Lunen was the tenant in 1086, but the manor passed to the de Merc family. Henry de Merc was dealing with the advowson between 1147 and 1167 and was succeeded by his son Eustace. John de Merc was holding two knights fees in Walmesford , Sibson and Stibbington in 1211-12. He was succeeded by William de Merc, who owed scutage in 1217, the service due apparently having been reduced to that of one knight’s fee. Walter de Merc was dealing with lands and a moiety of two mills in Sibson, Stibbington and Wansford in 1219. John de Merc was holding two hides in 1286, and it may have bben he, or a son of the same name, who appeared in a plea of trespass in 1322. He was succeeded by Nicholas St Medard or de Merc, who was living in 1324. He appears to have used the alternative name, and it is suggested that his mother was a daughter of John de Merc who had married a St Medard of Thornhaugh. Nicholas died in 1327, when his heir was his son John de St Medard or Semark (St.Mark), who only survived hom until 1332. He left two sons , John who died without issue, and Nicholas who succeeded his brother [St Medard Tree]




Note regarding Sutton Mill. Few miles South of Thornhaugh


John de St Mark or Medard granted us a certain place adjoining our millpond of Brygmylne for 18 pence a year” John Medard died 1332. From Pytchley’s book of fees.







Walmesford is not mentioned in the Domesday Survey, but appears to have been a part of the Kinghts fees which Anketil de St Medard held of Burgh Abbey. In the nineteenth year of Hen III a fine was levied between Robert de St Medard, demandant, and Gerard de St Medard, deforciant, of sixty acres of land and two messuages in Siberton, and of two messuages, with their appertenances in Walmesford, to be held by the said Gerard during his life, with covenant that the said Robert should in no way alienate any part of the premises, but that after his decease they should quietly revert to his heirs for ever.


The manor of Walmesford and Stibington was in the hands of William de Lifours [Hen II]. William was the son of Fulk de Lifours who came to England with the Conqueror, left issue, Alice, his daughter and heir, after the death of her father left in ward to King John.




Wittering, or Whittering, in the Domesday book written Witeringham.


At the time of the general survey, Anchetil held Witeringham of the abbat of Burgh.  This Anchetil was Anketil de St Medard, who here, and in the neighbouring lordship, held six knight fees of the abbat of Burgh. To Anketill de St Medard succeeded Richard de St Medard, his son and heir, who by Mabel Ridel his wife had issue, his younger son, Hugh, which Hugh, and his descendants, bore the name of Ridel and were possessed of the manor of Witering.


In the thirty-first year of Hen II Hugh Ridel paid into the Exchequer two hundred marks for holding Witering lordship, in the same manner as he had held it at the decease of Peter de St Medard.


In 1243 Richard Ridel held 1 7/8 Knights fees in Wittering of Geoffrey de St Medard, in 1314 Hugh Ridel whose lands in Wittering had been seized and given to his son Geoffrey because of the support which he gave to John Balliol at the beginning of the Scotch war, made a claim against his son for waste.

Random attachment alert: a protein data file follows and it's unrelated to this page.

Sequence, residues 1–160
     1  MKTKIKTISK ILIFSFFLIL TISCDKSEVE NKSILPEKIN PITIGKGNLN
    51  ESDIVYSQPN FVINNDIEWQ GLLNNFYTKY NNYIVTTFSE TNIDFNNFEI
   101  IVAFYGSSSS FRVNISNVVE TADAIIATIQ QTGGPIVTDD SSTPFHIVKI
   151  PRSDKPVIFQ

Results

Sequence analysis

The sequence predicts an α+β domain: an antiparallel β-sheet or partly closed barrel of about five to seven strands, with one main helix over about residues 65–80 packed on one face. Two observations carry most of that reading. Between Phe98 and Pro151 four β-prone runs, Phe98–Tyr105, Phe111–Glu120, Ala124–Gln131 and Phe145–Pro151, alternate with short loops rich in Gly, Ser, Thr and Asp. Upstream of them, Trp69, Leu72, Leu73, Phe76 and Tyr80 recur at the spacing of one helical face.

Ridel St Medard Line


Richard Ridel living 1243


Hugh Ridel living 1291, 1314


Geoffrey Ridel anno 1316

 29 Edw 1, Wallace de Langeton, Bishop of Lichfield and Coventry, was found to be seized one messuage plus other parcels. By the inquisition then taken, he was certified to hold them of Geoffrey Rydell, who held them by service of one knight’s fee, of Nicholas de St Medard, which Nicholas held them by same service to the Abbat of Peterburgh, who held them capite of the crown. This grant however doth not appear to have taken effect, for in the third year of Edw III, William, son of Robert de  l’ Eschequer, brought his action against Geoffrey Ridel, for the recovery of one Messuage which had been settled by Hugh Ridel.


Hugh Ridel anno 1346


Nicholas Ridel anno 1392


Henry Ridel anno 1452


Wittering passed into the hands of Richard Halley by marriage [not checked] [died  9 Hen VII], John Halley [died 8 Hen VIII] by the end of William III reign, the lordship was purchased by the Cecil family for six thousand five hundred pounds. [Semark – Cecil link] .


Lincolnshire Estate - Osgodby in Lenton [formly ANGOTEBY]


The St Medard family of Thornhaugh also held an estate known as Angoteby 1153 – 1162. Geoffrey St Medard taken as a member of the Thornhaugh family.


 Notification of a grant - ref.  1ANC2/A/1/2 [n.d.] Geoffrey of St Medard to Nicholas de Flore.
 Notification of a grant - ref.  1ANC2/A/1/3  - date: nd. [early 13th century] Geoffrey of S. Medard to William of S. Medard and Nicholas his wife. A messuage and bovate in Osgodby once held by Matilda daughter of Albreda.
Notification of a grant - ref.  1ANC2/A/1/4 [n.d.] Witnesses: Lord Geoffrey of S. Medard, Robert Tholi, Henry the Carpenter, John son of Albreda, Ralf the miller, William son of Matilda, William son of Albreda and others.
Notification of a grant - ref.  1ANC2/A/1/5 [n.d.]
Robert Luterell son of Sir Andrew Luterell, knight to Nicholas of S. Medard, Lord of Osgodby.
Cyrograph of an agreement - ref.  1ANC2/A/1/7  - date: May 19th 1280 Geoffrey of S. Medard kt. and William de S. Medard

Notification of a grant - ref.  1ANC2/A/1/3  - date: nd. [early 13th century] Endorsement: Cart' Galf' Semark de Molete lande 7 iacet ut continetur in cedula annexa.